Nixa Police Department is growing right out of its headquarters with no solutions in sight
NIXA, Mo. (KY3) - Police departments all across the country are dealing with workforce shortages and difficulty retaining officers.
But the Nixa Police Department is also having trouble just finding space for the 42 officers they do have.
Walk down the hallways of Nixa’s PD headquarters and you’ll see photos of department personnel over the years. In the earlier photos there are just six officers in the picture but that number steadily grows in photos from the later decades as the population of the town has increased as well.
In 1970 Nixa’s population was 1,636 but by 1990 it had more than doubled to 4,707. Between then and 2000 Nixa exploded in size by 157 percent to 12,124 and over the next 20 years the town again almost doubled in size to 23,257 in 2020.
“The demand for police services has never been greater,” said Nixa Police Chief Joe Campbell. “As we grow we’re certainly going to need a place to a put those officers.”
And right now with 42 officers and 50 employees total, they don’t have it.
“Last year we did a needs assessment of our building and what we learned is we have about 10,000 square-feet in our facility now,” Campbell said. “But based on the number of people we currently employ we need about 16,000 square-feet.”
An extra 6,000 square-feet would be like adding half-the-current-building to the headquarters and Campbell knows that’s a tall order.
“And even if we added that it only meets our needs today. As we continue to grow we’ve looked into building expansion, a remodel or finding a different piece of property and moving. But some of those costs become expediential when you’re talking about new construction. I am optimistic that we have a lot of support within the community for our police department. They understand we provide a vital service.”
As Campbell took KY3 on a tour of the police department it wasn’t like you were watching an episode of the TV show “Hoarders” but there were places where items were piled up and spaces that had been repurposed.
Campbell opened a large steel door that obviously looked like a jail cell.
“You can see this used to be a holding cell,” he said. “We were able to convert this into storage for guns and you can tell within a short amount of time we’re going to be running out of space here as well.”
The juvenile holding cell also has a new role.
“We were forced to convert this into file storage,” Campbell said.
The work space for sergeants and patrol officers is cramped and too small for everyone to be there at once.
“We have to rotate our officers in and out to allow them to work in these areas,” Campbell said.
Another office barely had room to open the door as a small desk took up almost the entire space with equipment and paperwork tucked into every corner.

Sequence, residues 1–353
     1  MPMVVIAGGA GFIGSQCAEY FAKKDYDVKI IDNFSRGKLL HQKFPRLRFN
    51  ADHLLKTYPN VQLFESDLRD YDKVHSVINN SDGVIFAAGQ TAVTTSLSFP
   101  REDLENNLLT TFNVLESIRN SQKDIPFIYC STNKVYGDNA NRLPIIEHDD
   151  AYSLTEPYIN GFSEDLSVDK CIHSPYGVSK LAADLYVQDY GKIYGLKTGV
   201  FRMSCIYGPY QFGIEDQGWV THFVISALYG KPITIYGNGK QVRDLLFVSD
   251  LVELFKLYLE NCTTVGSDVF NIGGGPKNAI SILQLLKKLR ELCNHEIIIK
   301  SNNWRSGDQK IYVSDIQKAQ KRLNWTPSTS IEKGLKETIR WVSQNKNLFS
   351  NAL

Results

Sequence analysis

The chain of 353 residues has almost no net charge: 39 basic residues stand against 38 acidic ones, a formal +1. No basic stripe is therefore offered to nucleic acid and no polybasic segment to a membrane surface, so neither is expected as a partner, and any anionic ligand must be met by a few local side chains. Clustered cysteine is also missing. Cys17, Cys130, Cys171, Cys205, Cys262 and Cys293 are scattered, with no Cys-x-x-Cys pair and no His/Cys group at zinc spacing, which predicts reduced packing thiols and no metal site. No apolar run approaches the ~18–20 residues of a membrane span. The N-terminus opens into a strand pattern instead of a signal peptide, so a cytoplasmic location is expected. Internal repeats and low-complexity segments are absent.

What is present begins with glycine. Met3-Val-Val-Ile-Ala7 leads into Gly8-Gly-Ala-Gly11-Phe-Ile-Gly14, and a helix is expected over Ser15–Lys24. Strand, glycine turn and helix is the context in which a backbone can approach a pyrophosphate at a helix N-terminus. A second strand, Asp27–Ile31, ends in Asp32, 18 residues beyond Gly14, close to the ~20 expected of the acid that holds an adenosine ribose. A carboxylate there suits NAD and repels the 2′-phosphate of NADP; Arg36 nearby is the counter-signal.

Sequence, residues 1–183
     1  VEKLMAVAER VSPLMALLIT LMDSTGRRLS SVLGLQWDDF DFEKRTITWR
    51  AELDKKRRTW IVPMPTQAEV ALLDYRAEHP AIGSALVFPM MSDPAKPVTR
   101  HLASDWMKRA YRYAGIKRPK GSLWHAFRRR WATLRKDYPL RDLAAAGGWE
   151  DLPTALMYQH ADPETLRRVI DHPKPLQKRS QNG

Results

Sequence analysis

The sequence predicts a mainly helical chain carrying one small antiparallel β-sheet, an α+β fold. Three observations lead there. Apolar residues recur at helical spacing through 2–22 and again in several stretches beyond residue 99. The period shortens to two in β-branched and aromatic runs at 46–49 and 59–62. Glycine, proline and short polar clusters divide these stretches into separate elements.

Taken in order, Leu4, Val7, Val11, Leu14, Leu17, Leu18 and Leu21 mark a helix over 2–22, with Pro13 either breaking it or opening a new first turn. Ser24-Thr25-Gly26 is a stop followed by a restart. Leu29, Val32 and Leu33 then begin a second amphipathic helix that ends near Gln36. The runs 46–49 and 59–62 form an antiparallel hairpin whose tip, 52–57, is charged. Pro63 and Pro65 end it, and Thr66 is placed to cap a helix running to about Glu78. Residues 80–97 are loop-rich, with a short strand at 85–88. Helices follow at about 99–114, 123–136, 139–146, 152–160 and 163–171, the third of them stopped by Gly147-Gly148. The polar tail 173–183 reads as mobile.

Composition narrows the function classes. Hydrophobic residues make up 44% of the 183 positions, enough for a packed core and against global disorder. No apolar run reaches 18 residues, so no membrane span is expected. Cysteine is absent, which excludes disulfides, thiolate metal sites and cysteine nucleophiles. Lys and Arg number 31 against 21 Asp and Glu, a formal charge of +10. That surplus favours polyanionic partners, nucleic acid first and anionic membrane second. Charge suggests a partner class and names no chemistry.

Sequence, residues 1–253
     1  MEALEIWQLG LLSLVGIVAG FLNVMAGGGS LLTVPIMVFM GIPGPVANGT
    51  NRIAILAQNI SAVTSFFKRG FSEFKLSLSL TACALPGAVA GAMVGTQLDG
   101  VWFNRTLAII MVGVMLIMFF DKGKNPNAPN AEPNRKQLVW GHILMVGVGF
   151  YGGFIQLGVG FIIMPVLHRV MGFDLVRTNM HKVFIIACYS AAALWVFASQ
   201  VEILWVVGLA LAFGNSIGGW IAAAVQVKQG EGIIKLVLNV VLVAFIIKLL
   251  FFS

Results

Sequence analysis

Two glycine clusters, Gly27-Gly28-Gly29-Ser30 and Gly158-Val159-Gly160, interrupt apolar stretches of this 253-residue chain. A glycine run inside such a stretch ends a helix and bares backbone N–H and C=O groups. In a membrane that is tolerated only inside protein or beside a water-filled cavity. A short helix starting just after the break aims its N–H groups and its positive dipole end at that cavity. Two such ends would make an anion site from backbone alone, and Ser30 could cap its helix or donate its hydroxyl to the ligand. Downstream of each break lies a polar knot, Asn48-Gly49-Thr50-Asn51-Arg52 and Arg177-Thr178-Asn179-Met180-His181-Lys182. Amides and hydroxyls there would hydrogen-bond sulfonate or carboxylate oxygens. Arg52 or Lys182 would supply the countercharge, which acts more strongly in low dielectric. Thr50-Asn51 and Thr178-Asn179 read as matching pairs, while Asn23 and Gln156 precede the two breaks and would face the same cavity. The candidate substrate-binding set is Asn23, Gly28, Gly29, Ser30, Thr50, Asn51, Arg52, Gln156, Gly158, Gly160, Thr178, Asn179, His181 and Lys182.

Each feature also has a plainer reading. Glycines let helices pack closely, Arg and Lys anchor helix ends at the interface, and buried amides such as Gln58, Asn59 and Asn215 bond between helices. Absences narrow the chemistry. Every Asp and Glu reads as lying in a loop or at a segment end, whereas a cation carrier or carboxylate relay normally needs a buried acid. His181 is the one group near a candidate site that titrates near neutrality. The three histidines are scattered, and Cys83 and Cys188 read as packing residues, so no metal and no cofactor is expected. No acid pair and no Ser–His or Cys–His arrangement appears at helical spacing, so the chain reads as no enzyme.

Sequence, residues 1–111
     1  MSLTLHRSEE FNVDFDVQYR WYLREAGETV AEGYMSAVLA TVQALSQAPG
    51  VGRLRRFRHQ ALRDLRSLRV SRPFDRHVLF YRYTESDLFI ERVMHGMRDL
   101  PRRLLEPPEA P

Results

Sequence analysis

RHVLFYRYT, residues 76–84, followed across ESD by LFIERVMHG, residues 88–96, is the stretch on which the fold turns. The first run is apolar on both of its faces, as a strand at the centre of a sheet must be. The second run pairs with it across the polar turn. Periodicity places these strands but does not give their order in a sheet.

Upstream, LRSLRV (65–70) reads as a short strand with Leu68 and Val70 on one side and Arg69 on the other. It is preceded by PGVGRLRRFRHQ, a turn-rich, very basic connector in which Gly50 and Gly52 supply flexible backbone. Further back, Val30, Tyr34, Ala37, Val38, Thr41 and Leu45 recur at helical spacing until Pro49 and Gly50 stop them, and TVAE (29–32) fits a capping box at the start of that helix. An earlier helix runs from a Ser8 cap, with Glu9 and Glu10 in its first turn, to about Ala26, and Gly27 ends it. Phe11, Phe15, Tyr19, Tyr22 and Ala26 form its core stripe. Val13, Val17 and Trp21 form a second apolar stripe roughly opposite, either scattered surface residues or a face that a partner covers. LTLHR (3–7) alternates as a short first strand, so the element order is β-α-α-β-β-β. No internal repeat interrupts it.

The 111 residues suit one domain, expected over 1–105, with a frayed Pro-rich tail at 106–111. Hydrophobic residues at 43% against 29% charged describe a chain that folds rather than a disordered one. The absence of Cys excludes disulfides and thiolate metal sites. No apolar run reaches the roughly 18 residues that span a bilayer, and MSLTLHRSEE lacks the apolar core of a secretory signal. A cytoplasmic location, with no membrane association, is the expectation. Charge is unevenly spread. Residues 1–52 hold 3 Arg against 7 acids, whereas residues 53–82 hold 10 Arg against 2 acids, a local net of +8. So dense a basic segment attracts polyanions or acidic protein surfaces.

“What we have here is our crime prevention office,” Campbell explained. “It actually was a storage space before this.”
Storage closets turned into offices....and the stuff in the storage areas moved to anyplace they can find.
“This room was actually our interview room prior to being converted over to a temporary evidence room,” Campbell said of another small office. “Now if we have to do a secondary interview we’ll have to leave our city and travel across the county over to Ozark and do the interview at the (Christian County) jail.”
So with officers traveling more and trying to find the time and space to do their reports Campbell believes the space and crowding situation is affecting his department’s ability to do its job.
“It becomes an efficiency issue,” he said. “And certainly officers from an attraction and retention standpoint wanna come to a place where they’re going to be supported in terms of being adequately equipped with the space and tools to do the job they’re being asked to do.”
Nixa Mayor Brian Steele was asked if he felt the police department’s funding was adequate.
“It’s enough to provide the very basics,” he answered. “We’ve added more than 50 percent new officers in the last 10 years and increased their pay from what today would be minimum wage to over $20 per hour starting salary. But things like a new multi-million dollar headquarters is something that we’ll have to figure out how to budget.”
For now there are no solutions although ARPA federal funds or local tax increases were mentioned as possibilities.
“Our sales tax rate is the lowest in the region,” Steele pointed out. “We could double our sales tax and still be less than Ozark and a penny-or-more less than Republic. We are considering whether or not to put that out there and let the voters have a choice of what priorities are the most important to them.”
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